Home foreclosures in the State of California have become more frequent over the past few years as home owners have been unable to keep up on their mortgage payments and lenders have begun foreclosing on more and more properties. However, not every homeowner may be familiar with foreclosure process or aware of their rights and the proper steps that must take place in order for a lender to legally foreclose a property. The State of California has two types of foreclosure processes that take place: Judicial and Non-Judicial Foreclosures. Furthermore, homes in California are usually purchased through two main financial instruments: mortgages and deeds of trust. There are a variety of resources available in the Sacramento area for homeowners who are being, or at the risk of being, foreclosed on. At the bottom of the page is a glossary of some of the key concepts and terms surrounding mortgages, home purchases, and loan defaults to help you gain a better understanding of the issues and solutions to foreclosure.

See also other housing resources.

Foreclosures Resources

In the wake of the sub-prime mortgage crisis, the U.S. Treasury has sponsored several programs to aid borrowers with their loans and mortgages. Renegotiations and loan modifications can reduce the amount of principle owed on a house or decrease the interest rate temporarily to adjust to the drop in housing prices that have trended over the past several years. The most important advice we can give you is to work closely with your lender if the threat of foreclosure is imminent. They may have government sponsored programs taking place to help with such issues. Also, you should consider seeking the advice of an attorney. There are also several government and non-profit organizations which are helping homeowners with foreclosure and refinancing issues. Here are a few of those departments and organizations:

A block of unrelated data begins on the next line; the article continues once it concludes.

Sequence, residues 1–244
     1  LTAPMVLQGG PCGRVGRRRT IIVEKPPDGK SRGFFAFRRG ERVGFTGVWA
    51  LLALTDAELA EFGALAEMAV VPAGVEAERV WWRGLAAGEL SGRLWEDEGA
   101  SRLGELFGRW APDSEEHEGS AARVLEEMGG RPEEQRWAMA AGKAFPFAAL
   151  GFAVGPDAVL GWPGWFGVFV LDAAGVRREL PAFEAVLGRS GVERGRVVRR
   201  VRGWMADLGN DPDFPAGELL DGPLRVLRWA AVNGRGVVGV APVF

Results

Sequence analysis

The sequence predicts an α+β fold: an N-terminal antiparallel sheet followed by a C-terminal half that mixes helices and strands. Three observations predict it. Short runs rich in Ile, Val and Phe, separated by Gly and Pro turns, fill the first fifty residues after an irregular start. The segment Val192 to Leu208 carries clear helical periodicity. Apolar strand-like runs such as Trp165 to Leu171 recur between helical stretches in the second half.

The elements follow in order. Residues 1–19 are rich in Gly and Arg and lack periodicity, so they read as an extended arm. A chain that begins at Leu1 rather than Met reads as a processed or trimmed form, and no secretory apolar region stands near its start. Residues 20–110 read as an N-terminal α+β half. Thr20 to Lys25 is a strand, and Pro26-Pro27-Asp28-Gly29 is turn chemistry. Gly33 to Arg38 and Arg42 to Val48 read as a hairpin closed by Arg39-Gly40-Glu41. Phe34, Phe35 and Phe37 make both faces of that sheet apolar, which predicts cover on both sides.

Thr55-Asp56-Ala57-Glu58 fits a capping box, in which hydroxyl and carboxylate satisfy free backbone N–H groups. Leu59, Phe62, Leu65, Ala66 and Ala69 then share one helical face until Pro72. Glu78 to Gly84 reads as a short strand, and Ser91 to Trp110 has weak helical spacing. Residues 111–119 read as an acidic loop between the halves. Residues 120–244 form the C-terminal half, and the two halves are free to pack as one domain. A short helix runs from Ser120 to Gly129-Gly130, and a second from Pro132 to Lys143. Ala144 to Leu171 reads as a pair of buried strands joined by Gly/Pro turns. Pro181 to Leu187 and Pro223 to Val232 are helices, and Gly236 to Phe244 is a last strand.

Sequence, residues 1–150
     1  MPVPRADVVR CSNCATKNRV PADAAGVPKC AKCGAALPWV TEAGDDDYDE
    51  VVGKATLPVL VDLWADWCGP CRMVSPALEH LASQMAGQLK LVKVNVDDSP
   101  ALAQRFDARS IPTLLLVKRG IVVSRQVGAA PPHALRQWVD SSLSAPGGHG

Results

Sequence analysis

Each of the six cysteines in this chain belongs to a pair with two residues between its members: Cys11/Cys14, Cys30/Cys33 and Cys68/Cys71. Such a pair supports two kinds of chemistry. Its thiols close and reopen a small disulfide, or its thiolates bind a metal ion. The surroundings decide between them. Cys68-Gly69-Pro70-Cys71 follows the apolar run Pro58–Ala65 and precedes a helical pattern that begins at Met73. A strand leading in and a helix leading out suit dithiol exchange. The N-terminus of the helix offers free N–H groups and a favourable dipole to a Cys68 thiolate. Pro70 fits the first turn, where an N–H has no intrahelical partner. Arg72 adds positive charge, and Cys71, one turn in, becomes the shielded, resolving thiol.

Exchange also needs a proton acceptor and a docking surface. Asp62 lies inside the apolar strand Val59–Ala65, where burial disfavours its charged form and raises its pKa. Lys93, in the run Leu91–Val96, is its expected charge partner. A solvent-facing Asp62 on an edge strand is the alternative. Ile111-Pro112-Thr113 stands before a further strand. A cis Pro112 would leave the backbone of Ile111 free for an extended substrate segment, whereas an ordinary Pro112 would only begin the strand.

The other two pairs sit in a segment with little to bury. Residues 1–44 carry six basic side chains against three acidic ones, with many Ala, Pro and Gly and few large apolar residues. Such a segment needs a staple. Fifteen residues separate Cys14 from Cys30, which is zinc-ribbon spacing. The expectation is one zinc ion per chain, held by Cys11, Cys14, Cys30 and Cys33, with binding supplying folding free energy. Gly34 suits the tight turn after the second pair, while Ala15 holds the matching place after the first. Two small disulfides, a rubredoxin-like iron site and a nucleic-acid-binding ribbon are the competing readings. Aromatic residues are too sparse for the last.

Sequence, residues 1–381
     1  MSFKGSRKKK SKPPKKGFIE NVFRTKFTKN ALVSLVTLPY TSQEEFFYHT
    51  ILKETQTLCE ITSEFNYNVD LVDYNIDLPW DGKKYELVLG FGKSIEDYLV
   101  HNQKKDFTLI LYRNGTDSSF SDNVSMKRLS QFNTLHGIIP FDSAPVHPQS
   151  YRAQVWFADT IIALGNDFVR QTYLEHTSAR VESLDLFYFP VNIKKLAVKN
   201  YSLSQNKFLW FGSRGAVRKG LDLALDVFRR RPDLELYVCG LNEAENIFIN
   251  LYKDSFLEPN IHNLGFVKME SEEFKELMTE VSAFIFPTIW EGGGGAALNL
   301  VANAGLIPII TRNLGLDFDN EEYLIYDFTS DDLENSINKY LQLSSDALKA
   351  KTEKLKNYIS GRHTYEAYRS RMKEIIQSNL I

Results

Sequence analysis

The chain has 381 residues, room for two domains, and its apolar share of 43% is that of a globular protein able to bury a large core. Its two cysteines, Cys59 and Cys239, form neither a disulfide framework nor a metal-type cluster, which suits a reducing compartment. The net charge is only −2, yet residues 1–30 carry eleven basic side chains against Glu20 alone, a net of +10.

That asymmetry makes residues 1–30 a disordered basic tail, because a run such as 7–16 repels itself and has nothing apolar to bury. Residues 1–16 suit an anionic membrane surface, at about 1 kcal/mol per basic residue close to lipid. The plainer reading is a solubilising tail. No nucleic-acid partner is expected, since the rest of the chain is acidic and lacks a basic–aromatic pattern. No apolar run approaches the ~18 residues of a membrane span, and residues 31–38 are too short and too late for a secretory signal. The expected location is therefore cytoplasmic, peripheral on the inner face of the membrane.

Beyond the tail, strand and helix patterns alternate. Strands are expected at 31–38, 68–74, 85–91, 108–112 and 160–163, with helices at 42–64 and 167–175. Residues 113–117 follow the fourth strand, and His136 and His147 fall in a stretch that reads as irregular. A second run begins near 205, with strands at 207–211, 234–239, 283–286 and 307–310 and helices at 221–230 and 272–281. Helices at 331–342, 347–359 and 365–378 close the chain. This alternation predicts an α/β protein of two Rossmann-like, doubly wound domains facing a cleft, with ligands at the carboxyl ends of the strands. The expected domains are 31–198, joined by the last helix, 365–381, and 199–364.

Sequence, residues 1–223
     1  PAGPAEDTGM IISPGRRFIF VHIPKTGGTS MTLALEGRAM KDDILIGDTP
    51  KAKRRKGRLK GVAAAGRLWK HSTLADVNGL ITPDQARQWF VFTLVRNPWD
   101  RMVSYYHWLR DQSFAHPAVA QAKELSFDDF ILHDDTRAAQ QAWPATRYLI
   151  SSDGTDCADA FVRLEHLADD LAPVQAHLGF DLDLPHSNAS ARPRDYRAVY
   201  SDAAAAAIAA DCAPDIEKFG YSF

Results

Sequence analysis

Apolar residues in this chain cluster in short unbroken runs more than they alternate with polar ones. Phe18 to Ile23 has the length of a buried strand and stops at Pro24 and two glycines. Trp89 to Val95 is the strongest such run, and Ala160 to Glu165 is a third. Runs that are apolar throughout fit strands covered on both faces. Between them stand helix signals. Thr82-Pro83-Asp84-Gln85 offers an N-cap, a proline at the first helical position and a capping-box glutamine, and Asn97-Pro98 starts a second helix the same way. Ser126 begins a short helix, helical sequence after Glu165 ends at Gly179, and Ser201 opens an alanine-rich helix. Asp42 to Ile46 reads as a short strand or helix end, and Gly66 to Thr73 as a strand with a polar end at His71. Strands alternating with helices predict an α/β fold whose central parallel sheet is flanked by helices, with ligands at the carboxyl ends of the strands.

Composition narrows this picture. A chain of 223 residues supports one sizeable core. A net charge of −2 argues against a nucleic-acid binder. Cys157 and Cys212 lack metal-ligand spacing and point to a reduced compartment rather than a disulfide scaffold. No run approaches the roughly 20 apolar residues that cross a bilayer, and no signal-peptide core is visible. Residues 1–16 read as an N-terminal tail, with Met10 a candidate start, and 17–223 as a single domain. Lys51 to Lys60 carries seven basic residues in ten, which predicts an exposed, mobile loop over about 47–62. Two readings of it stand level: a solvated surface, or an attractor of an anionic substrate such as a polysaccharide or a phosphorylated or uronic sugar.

California Housing and Financing Agency (CALHFA)

The California Housing and Financing Agency is a state run agency that assists first time home buyers, minorities seeking to purchase housing, low and middle income families, among others.

National Home Buying Fund Department

The National Home Buying Fund Department offers a variety of services to homeowners and those seeking to purchase a home. They offer program training, marketing support and lender support. For a full list of services offered, please visit their website

Neighborhood Works

Neighborhood Works Homeownership Center for the Sacramento Region is a non-profit organization that seeks to aid potential and current homeowners with many issues, ranging from buying and selling homes, to mortgage assistance and foreclosure prevention. Their website has many resources and workshops to further educate you on the details surrounding home purchases and the processes that proceed them. For additional information on workshops, programs and assistance offered please visit their website

U.S. Department of Housing and Urban Development

The U.S. HUD is designed to assist homeowners and potential homeowners with a wide variety of issues surrounding homeownership, including but not limited to: credit repair workshops, pre-purchase counseling, prevention of mortgage delinquency, financial management counseling, among many others. For a full list of offered services, along with a list of HUD approved counseling services by county, please visit the HUD Counseling Services website

For a list of foreclosure avoidance counseling agencies, please visit the Foreclosure Avoidance website.

For general information regarding foreclosures, loan modifications, and other issues surrounding homeownership, please visit the US Department of HUD website

Other organizations that provide foreclosure assistance or resources



A deed is a legal document that lays out in writing the transfer of any real estate interest from one party to another. Basically, when real estate is transferred, given or sold to someone, it is done with a deed. The new real estate owner receives their rights to the designated property within the deed; any title and warranties given by the previous owner from the deed.

The most formal type of private instrument for property transfer is a deed. In order to register a deed there must be an executing party, it must be signed by a witness or witnesses and must be notarized by a notary public. All of this gives the deed a stance of validity and is less rebuttable than other types of real estate documents.

A valid, enforceable real estate deed in California must fulfill several of the following requirements:

·         The grantor must have the legal capacity to grant the interest, and the grantee must have the legal           capacity to receive it.

·         A deed must adequately describe the real property for which the interest is being transferred.

·         It must state on its face it is a deed, using words like "This Deed..." or "executed as a deed."

·         It must indicate that the instrument itself conveys an interest in real property to someone.